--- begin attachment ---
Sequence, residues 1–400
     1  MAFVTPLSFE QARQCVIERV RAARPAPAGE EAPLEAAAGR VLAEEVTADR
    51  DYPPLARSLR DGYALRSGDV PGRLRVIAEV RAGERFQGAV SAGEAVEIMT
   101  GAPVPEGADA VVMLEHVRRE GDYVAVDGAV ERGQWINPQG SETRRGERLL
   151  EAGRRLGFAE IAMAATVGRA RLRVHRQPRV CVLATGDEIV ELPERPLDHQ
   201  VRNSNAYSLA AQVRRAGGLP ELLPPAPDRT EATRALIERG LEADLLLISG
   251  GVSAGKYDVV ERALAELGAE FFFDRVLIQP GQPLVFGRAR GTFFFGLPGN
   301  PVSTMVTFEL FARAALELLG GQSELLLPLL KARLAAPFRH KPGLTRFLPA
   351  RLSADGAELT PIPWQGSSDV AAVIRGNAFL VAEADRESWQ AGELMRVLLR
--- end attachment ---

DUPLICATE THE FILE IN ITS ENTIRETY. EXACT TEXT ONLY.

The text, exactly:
Sequence, residues 1–400
     1  MAFVTPLSFE QARQCVIERV RAARPAPAGE EAPLEAAAGR VLAEEVTADR
    51  DYPPLARSLR DGYALRSGDV PGRLRVIAEV RAGERFQGAV SAGEAVEIMT
   101  GAPVPEGADA VVMLEHVRRE GDYVAVDGAV ERGQWINPQG SETRRGERLL
   151  EAGRRLGFAE IAMAATVGRA RLRVHRQPRV CVLATGDEIV ELPERPLDHQ
   201  VRNSNAYSLA AQVRRAGGLP ELLPPAPDRT EATRALIERG LEADLLLISG
   251  GVSAGKYDVV ERALAELGAE FFFDRVLIQP GQPLVFGRAR GTFFFGLPGN
   301  PVSTMVTFEL FARAALELLG GQSELLLPLL KARLAAPFRH KPGLTRFLPA
   351  RLSADGAELT PIPWQGSSDV AAVIRGNAFL VAEADRESWQ AGELMRVLLR